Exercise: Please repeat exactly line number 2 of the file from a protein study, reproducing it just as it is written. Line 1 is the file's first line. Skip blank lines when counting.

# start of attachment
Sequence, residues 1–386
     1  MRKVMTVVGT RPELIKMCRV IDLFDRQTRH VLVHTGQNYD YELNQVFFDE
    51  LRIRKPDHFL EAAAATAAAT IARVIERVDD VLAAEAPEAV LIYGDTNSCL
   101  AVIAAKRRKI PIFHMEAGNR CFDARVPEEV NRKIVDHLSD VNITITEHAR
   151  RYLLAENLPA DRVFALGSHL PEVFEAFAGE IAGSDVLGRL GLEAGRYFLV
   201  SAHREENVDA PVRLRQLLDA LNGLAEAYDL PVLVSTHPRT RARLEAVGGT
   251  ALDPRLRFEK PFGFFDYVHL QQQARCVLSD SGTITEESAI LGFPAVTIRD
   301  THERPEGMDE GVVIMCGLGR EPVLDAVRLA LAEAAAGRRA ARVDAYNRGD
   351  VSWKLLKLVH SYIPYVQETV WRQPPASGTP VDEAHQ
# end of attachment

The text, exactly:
     1  MRKVMTVVGT RPELIKMCRV IDLFDRQTRH VLVHTGQNYD YELNQVFFDE